If your floorboards are in good condition, then you may be able to overboard these with a suitable tile backer board (see below.)
If this is the case, ensure there are no boards missing (or rotten) and that they are all securely screwed down to the joists below, taking care to avoid screwing into any cables or pipework underneath.
Plane off any high points where the boards have twisted.
If you’ve had to take up a large proportion of the existing floor to….
- work on the joists (as above)
- run electrical cables and pipework
- replace damaged, missing or rotten floorboards
….then it might be worth biting the bullet and replacing the whole floor with plywood sheets.
This approach allows you to replace the existing floor with a new one with excellent rigidity that will provide you with a surface onto which you can directly apply tiles or apply a thin tile backer board on top for a professional approach.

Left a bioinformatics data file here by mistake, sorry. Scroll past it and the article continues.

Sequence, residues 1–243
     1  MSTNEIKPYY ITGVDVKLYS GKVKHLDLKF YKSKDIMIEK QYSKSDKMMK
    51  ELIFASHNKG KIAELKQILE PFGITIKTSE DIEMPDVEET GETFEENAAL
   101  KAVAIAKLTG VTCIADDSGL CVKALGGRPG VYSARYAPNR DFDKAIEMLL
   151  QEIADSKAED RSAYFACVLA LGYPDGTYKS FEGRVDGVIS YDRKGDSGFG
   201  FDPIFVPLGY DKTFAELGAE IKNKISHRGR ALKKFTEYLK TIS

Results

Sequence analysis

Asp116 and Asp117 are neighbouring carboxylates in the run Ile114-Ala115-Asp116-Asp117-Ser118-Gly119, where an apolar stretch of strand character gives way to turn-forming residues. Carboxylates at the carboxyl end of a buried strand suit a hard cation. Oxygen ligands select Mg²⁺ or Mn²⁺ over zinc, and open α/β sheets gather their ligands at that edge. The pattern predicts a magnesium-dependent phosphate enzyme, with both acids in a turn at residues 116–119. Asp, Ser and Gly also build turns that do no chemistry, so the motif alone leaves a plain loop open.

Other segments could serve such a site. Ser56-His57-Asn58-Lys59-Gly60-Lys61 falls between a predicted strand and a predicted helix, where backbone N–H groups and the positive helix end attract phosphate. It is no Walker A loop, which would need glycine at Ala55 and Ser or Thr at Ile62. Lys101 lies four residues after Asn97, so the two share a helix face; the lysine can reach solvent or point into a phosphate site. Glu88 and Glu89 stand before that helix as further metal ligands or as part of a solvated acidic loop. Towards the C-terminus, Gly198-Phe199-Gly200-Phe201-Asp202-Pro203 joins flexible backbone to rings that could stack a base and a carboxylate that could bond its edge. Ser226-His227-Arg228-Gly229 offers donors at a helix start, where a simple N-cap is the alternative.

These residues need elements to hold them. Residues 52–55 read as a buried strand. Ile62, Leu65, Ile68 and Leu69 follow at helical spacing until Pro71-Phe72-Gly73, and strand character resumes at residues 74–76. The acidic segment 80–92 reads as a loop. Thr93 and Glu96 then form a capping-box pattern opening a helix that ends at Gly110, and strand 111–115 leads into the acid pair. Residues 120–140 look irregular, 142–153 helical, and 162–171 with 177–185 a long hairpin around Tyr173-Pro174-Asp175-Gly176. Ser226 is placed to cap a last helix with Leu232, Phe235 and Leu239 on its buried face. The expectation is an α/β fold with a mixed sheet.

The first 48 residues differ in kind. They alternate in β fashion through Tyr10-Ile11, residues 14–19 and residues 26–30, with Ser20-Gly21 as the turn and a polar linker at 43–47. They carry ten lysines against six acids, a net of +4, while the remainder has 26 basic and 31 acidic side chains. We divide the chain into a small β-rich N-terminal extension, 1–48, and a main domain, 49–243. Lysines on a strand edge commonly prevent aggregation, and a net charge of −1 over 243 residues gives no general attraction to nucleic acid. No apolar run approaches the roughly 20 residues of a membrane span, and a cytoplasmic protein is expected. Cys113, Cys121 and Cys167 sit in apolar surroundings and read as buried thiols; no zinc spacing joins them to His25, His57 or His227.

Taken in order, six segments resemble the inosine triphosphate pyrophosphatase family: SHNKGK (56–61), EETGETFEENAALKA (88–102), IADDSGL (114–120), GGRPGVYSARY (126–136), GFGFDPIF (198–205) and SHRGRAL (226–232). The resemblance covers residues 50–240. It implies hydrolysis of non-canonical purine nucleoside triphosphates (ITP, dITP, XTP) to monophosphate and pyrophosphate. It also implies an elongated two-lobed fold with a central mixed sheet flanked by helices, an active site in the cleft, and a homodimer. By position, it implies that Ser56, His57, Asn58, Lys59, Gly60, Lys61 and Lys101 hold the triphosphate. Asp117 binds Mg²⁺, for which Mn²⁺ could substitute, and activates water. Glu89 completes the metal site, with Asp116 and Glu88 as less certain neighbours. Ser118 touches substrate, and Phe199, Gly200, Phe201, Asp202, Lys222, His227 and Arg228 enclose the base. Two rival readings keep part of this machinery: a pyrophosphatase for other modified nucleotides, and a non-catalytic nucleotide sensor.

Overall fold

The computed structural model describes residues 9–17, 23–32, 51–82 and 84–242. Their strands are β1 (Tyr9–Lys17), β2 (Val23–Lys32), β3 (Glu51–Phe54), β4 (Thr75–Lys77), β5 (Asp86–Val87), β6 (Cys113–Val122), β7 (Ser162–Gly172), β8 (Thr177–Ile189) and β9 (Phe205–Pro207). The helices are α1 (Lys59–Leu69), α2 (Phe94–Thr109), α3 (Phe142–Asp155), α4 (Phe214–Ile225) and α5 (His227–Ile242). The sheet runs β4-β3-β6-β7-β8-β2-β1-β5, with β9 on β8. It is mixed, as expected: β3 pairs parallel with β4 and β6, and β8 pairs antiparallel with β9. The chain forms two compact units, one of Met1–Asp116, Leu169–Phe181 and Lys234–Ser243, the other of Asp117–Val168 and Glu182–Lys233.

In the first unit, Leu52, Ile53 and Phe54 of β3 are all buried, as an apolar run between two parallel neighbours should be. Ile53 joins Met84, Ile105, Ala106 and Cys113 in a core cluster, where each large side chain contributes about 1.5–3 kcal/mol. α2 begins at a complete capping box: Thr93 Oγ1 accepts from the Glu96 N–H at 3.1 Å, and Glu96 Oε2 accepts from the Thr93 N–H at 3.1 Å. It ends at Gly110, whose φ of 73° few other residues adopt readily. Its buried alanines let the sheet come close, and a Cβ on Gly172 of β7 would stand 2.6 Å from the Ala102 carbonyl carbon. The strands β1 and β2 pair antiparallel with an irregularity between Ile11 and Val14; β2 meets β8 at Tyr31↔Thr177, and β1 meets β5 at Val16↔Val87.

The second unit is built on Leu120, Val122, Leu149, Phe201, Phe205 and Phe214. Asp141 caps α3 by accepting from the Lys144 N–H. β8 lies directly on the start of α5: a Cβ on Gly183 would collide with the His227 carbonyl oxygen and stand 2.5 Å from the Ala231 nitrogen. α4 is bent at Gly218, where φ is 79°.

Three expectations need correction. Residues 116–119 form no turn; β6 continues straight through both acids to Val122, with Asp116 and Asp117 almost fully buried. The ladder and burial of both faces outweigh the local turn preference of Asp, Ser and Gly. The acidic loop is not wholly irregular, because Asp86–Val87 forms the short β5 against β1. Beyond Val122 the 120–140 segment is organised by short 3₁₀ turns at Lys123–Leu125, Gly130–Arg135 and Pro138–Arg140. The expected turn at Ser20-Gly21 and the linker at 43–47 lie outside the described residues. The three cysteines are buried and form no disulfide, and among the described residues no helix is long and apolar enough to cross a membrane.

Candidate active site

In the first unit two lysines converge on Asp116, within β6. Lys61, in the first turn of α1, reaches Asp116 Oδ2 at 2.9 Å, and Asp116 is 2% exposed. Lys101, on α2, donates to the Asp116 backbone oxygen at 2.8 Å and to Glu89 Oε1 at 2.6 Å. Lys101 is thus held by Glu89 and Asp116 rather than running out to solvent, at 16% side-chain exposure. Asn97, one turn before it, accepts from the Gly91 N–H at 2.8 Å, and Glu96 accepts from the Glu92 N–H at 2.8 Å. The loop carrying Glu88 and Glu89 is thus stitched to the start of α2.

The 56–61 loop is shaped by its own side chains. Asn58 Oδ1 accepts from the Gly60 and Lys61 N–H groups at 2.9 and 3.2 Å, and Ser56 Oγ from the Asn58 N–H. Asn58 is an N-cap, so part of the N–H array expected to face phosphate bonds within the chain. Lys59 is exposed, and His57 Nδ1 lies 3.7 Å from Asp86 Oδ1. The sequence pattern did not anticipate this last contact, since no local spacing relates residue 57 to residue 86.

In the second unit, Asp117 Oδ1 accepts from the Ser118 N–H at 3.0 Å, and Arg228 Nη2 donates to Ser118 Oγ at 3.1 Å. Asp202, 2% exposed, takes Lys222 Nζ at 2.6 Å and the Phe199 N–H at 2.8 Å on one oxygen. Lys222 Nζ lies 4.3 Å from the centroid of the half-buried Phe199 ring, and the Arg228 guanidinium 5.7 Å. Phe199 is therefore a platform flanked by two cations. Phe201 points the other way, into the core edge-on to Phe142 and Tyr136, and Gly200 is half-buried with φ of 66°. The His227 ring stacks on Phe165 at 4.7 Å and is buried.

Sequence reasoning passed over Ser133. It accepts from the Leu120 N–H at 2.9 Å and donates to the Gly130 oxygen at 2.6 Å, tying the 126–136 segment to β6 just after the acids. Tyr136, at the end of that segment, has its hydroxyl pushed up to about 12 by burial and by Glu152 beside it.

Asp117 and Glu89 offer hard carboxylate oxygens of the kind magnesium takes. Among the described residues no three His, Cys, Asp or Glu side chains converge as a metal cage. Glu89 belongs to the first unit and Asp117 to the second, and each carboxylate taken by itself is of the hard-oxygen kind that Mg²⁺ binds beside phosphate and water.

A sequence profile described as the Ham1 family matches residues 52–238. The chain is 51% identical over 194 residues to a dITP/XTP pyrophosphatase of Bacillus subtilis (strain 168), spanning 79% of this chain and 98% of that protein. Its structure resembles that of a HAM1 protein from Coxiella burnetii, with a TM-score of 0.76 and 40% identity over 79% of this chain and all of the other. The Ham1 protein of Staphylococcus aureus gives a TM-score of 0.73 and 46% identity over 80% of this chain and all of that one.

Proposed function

This method, although more work, will allow you to inspect the joists and carry out remedial work if required, and it will also make running the pipework a lot easier if a bit more treacherous:
Don’t fall through the joists and never rest your weight anywhere other than the joists – you will fall through the plasterboard that is screwed to the underside of the joists (this is downstairs’s ceiling).
After you have removed the existing floorboards or chipboard, you can then lay a new plywood floor directly onto the top of the joists after all 1st fix work has been done.
Please see here for information relating to the order of bathroom installation work.
There is no reason to replace tongue & groove chipboard with plywood from a structural point of view, but you cannot tile directly onto chipboard. It will have to be over-boarded with plywood or tile backer board prior to tiling (see part 4).